Contracting Out: Administrative Privatisation in the Reign of James I
Conrad Russell looks at the perks and pitfalls of public office-holding in Elizabethan and Jacobean England.
A critic, and not necessarily a captious one, might argue that this title is in that no-man’s-land in which paradox verges on contradiction. The concept of private property was so deep in Tudor and Stuart concepts of office that the auditor’s tenure, like the parson’s freehold, was regularly seen and treated as his property. He treated his office, within certain very broadly defined limits, as his own to do what he would with. When the first Lord Burghley, Lord Treasurer of England, died in 1598, almost the first thing that happened was that, hard upon the Queen’s condolences to his relations, a series of carts arrived at his house to take away the government records he had had at home.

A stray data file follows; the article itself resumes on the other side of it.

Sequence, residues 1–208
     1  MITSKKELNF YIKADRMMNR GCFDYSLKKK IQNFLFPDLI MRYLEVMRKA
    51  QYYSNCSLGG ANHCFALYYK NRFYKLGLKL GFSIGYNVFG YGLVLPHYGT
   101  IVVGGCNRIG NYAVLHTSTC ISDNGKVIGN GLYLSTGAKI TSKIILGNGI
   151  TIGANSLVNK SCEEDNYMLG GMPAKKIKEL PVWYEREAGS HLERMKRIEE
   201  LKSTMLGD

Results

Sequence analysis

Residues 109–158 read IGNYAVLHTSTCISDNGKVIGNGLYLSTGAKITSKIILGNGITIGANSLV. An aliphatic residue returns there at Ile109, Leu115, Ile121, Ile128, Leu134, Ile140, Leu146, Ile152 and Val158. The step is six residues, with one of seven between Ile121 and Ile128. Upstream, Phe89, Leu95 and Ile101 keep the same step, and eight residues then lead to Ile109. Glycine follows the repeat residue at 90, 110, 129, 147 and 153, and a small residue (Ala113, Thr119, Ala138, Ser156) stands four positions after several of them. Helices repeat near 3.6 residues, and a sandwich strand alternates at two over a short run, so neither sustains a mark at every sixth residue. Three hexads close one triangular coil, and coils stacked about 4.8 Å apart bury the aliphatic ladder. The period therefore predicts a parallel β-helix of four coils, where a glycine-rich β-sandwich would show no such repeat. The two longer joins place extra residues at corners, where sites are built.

It was the decision to take these records back, rather than Burghley’s to take them home, which was remarkable in the administrative ethics of Tudor and Stuart England. Sir Thomas Coventry, Lord Keeper of the Great Seal, took all the dockets authorising him to affix the Great Seal and all the correspondence about doubtful cases, back to his home at Crome Court in Warwickshire. The Crown did not take these papers back, and they remained in the family’s possession until they were deposited in Birmingham Reference Library during my own lifetime. Admittedly, the Elizabethan Auditors of the Exchequer who treated their records as private property were overdoing it, and got rapped over the knuckles. Yet their offence was over-zealousness, rather than a fundamentally wrong approach to their job, and the trouble they got into was not severe.